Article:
Khorest-e Sib o Aloo (Persian Chicken, Apple and Dried Plum Stew)


Ten years ago tomorrow I married the love of my life. Our wedding was a grand affair and  the meeting of two completely different cultures. My husband is about 10th generation Canadian, so it was quite a sight to see some of his extended relatives from rural Ontario (who I’m sure had never set eyes on a Middle Eastern person before our wedding) dancing to Persian music. It was truly spectacular!

Before and after the wedding was filled with parties and celebrations. I don’t think any of us had anticipated that our wedding festivities would go on for a full year! Leading up to the wedding I had three bridal showers, but probably my most memorable shower was the one our dear family friend Behi-joon threw for me……it was like a wedding in itself!

One of my favourite keepsakes from this shower was a recipe book that she had put together for me in which all ladies in attendance submitted their favourite recipe. In celebration of my anniversary, I thought I would include one of the delicious recipes from this collection. Our family friend Pouri-joon had graciously given me her recipe for Khorest-e Sib o Aloo, which was her specialty.

With braised chicken, apples, dried plumes, pomegranate and aromatic spices, this sweet and slightly tart stew is not only easy to make, but also nourishing and the perfect Fall dish.

Khorest-e Sib o Aloo
(Serves 4-6)

2 tbsp canola oil
1 large onion, thinly sliced
1 tsp turmeric
10-12 boneless skinless chicken thighs
3 tbsp tomato paste
1 tsp cinnamon
2 tbsp pomegranate paste
1 tbsp sugar
2 cups chicken broth
1 tbsp fresh lime juice
3 cooking apples (I used Fuji), peeled, cored and sliced
1 cup pitted dried plums (prunes)
1/4 tsp ground saffron dissolved in hot water
salt and pepper

Heat canola oil in a heavy pot over medium heat.  Add the onions and saute for 8-10 minutes until lightly golden. Add the turmeric and saute for another minute.


Add the chicken pieces and brown for 10 minutes over medium heat.


Add the tomato paste and saute for one minute. Add the chicken broth, cinnamon, pomegranate paste and sugar. Increase heat to medium-high and bring to a boil. Once boiling turn down the heat to low, cover and simmer for 20 minutes. Stir occasionally.


Add the apples, prunes, lime juice, saffron water, one tsp of salt and 1/2 tsp of pepper. Cover and simmer for 1 hour, stirring occasionally. Taste and adjust seasoning adding more salt, pepper, sugar or lime juice if necessary. The stew should be a little sweet and a little sour – if it’s too sweet for your taste, add some lime juice. If it’s too sour add a bit of sugar.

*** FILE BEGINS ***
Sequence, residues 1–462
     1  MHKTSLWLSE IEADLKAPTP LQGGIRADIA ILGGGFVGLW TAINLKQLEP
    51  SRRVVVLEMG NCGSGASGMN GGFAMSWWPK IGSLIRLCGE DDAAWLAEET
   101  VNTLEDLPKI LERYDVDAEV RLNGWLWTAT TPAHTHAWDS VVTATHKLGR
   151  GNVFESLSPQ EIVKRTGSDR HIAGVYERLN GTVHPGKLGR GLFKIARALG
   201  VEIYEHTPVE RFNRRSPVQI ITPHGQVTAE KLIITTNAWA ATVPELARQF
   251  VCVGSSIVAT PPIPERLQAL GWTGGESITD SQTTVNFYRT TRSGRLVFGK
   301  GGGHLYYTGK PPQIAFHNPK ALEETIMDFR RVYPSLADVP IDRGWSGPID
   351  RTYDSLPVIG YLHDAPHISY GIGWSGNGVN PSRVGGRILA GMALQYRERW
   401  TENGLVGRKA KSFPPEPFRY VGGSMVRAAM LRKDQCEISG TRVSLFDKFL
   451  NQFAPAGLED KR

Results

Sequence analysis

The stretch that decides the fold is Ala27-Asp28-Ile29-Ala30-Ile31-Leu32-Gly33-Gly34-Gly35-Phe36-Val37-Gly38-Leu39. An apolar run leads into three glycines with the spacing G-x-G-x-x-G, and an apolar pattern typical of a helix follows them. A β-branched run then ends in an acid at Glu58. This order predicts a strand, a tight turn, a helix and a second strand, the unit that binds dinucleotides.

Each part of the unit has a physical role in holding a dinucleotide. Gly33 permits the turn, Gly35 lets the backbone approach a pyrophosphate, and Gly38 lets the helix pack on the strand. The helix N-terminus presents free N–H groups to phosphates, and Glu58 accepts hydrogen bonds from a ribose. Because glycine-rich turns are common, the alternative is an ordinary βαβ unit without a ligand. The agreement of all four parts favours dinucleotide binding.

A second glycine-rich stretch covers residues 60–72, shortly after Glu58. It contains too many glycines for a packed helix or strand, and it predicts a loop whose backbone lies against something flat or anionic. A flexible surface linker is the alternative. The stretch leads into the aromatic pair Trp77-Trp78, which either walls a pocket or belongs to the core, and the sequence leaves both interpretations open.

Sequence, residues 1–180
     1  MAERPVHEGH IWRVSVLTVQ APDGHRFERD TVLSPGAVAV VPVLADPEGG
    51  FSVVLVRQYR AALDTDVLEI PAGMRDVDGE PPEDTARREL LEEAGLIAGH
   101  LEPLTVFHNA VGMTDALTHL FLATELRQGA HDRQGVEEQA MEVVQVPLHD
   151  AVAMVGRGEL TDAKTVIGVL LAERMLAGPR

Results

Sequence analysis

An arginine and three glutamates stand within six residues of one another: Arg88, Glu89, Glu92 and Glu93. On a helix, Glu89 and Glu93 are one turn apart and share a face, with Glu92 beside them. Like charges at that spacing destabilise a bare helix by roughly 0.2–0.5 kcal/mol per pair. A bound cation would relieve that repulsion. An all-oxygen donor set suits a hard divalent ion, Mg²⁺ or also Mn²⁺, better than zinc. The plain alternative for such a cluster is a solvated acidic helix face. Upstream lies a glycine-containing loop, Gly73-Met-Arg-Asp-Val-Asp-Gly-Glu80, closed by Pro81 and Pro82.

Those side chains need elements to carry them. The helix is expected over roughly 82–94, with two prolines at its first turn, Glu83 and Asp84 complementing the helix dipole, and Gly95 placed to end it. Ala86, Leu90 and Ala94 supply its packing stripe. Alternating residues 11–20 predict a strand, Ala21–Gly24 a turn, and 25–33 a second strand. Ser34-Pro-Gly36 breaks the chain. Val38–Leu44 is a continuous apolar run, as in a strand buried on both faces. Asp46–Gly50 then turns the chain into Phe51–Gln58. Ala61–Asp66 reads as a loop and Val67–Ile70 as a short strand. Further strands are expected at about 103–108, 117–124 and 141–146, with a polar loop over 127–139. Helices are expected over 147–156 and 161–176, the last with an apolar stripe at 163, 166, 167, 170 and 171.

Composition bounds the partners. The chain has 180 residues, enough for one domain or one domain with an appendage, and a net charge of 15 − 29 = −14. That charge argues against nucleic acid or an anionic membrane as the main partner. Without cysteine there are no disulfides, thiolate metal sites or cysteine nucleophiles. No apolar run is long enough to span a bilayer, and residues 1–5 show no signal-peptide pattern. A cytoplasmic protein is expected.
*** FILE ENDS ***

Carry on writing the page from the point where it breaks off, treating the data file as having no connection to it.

Serve with steamed rice. Enjoy!

Wedding photo


10 thoughts on “Khorest-e Sib o Aloo (Persian Chicken, Apple and Dried Plum Stew)

  1. What a special gift that cookbook is. Everyone would agree the Mom recipes are always the best, no matter who’s mom!
    I’ve never had apple-aloo khoresht. It’s such a simple and elegant recipe. Can’t wait to try.
    And you are such a beautiful bride. Congrats on your 10 years together! xo

  2. What a wonderful picture of a beautiful, beaming bride and adoring groom! Your wedding sounds like it was amazing. Thank you for sharing this recipe from your special cookbook. What a treasure! Happy Anniversary!!!! be payeh ham pir beshid 🙂

  3. I was really excited to try making this, so I made it last night, but it didn’t turn out too great. I’m new to Persian cuisine and this was the first dish I made, so I’m not surprised it didn’t turn out well, but I’m stumped about what went wrong. It was very watery, almost like a thin soup! I was able to reduce it a little, but it was still pretty thin. I put in the amounts the recipe called for, except I didn’t put in as much chicken, but I don’t think that would have had that much affect on the thickness of the stew. The only thing I can think of is maybe there was too much apple (I used 3 Fuji apples like you said, but maybe they were too big?). Do you have any ideas?

    Also, the ingredients call for saffron dissolved in water, but the instructions don’t say when to add it. I put it in at the same time as the chicken broth.

    • That’s too bad it didn’t turn out! Persian khorests are not supposed to be as thick as traditional stews…..they are served with rice to soak up some of the liquid. But if it’s too runny there are a number of things you can do. You can dissolve 1 tsp of cornstarch in some cold water and stir it in. That will thicken it up a bit. You can try reducing the amount of chicken stock to 1 1/2 cups. You can also add a tablespoon more of tomato paste (I am very generous with my tablespoons!). I hope that helps!

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